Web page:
# Partial Differentiation

#### FizzyCrow

##### New member
I do not have a specific problem in mind, i just need to be told, in stupid terms hehehe, how to do a second partial differentiation. I know that there is the partial one with respect to x^2 and y^2, i an having problems understanding how you get the xy, yx one. I also know that they are, in my case, always equal. Any help is appreciated, if you need a problem, i can see if i can pull one from my book.

I also wanted to say thank you to everyone that helped me in my last posts, i've just been so busy, i have not been able to respond, so THANKS

#### Unco

##### Senior Member
$$\displaystyle f(x,y) = x^2 + y^2$$

$$\displaystyle f_x$$ means the partial derivative of f(x,y) with respect to x. As you know, we treat y as a constant and differentiate wrt x:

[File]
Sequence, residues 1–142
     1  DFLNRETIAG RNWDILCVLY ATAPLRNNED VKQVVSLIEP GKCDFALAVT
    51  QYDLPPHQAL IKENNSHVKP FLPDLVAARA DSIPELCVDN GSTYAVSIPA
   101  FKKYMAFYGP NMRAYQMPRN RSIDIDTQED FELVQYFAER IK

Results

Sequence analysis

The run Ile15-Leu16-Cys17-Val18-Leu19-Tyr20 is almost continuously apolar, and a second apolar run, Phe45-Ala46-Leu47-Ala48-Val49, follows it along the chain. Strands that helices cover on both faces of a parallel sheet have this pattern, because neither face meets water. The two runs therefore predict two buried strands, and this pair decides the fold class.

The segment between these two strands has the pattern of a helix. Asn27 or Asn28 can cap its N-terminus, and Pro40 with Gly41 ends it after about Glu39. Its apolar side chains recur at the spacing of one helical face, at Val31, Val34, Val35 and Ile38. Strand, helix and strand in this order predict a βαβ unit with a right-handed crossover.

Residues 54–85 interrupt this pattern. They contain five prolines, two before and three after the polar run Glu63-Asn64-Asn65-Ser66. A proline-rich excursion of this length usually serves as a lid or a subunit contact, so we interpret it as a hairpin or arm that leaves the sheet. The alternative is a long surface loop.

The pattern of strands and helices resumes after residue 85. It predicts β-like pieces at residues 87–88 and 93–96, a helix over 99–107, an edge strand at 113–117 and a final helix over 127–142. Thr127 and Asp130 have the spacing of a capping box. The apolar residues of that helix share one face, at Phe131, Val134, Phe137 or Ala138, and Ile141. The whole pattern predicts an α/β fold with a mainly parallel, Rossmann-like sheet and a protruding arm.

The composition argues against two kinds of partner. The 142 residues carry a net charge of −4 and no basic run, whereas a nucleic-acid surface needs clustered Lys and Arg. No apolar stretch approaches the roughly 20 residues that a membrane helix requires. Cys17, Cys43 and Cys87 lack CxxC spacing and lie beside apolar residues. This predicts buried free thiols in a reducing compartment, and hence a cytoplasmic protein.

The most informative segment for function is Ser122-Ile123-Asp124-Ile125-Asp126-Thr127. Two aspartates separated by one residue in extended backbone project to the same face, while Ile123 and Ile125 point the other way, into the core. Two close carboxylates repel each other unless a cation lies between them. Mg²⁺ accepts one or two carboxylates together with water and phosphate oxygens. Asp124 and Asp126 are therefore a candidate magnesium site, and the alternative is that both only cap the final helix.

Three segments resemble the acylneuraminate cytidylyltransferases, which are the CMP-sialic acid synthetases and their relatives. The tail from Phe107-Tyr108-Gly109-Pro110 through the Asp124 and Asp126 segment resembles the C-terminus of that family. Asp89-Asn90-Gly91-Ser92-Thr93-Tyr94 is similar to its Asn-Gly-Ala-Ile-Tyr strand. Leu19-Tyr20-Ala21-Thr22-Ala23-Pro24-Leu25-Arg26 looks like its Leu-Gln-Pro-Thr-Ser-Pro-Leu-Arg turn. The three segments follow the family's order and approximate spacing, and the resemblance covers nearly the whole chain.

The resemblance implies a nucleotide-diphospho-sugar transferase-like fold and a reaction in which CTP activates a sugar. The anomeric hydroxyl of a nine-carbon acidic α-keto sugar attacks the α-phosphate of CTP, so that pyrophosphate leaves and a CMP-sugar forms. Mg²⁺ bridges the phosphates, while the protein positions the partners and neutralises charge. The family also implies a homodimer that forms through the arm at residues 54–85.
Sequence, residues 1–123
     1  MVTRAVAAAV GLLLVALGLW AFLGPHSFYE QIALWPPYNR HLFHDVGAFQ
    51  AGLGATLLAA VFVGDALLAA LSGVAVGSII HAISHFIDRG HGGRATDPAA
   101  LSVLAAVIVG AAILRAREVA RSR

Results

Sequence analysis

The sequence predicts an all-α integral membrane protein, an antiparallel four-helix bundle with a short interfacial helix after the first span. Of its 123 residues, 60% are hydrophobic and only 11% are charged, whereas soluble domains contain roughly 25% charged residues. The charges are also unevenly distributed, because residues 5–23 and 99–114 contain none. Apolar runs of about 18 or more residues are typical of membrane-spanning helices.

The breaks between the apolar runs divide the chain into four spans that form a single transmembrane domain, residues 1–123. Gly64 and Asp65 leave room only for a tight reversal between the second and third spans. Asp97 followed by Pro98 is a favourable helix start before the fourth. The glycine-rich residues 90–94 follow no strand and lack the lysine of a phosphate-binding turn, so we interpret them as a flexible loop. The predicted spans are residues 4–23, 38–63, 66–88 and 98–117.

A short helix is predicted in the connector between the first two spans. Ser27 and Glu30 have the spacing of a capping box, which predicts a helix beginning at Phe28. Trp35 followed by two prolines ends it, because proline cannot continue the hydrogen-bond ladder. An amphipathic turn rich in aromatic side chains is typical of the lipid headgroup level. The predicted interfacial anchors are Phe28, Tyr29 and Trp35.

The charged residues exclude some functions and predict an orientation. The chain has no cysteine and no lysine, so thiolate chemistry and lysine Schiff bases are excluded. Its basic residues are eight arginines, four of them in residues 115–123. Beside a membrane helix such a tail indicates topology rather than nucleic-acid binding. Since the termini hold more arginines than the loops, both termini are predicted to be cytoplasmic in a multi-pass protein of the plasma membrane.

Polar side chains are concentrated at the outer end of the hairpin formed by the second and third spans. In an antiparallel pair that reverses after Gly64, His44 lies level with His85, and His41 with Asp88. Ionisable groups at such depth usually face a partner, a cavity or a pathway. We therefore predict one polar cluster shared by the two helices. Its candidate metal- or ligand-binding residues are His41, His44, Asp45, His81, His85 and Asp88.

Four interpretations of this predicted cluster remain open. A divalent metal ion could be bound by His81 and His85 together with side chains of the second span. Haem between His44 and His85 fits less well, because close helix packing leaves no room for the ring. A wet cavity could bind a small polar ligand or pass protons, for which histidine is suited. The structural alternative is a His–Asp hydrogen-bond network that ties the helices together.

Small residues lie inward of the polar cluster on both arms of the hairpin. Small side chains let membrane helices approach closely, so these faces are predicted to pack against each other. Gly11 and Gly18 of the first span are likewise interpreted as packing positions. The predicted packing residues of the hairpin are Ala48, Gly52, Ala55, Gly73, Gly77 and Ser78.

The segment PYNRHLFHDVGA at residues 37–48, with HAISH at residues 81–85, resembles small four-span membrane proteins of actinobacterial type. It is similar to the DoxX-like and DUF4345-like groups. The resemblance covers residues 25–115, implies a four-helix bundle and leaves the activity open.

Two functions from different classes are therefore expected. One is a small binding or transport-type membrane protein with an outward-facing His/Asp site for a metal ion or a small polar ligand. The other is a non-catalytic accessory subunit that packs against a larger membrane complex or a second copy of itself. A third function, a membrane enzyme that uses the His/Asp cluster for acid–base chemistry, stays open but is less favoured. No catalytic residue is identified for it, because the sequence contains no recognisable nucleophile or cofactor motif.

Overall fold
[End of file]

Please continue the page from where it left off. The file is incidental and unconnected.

$$\displaystyle f_x = 2x$$
or $$\displaystyle \frac{\partial f}{\partial x} = 2x$$

Likewise,
$$\displaystyle f_y = 2y$$ or $$\displaystyle \frac{\partial f}{\partial y} = 2y$$

$$\displaystyle f_{xy}$$ reads from left to right in that: "the partial derivative of $$\displaystyle f_x$$ wrt y".

But with the chain rule reads:

$$\displaystyle \frac{\partial}{\partial y} \left(\frac{\partial f}{\partial x}\right)$$ (which here = 0)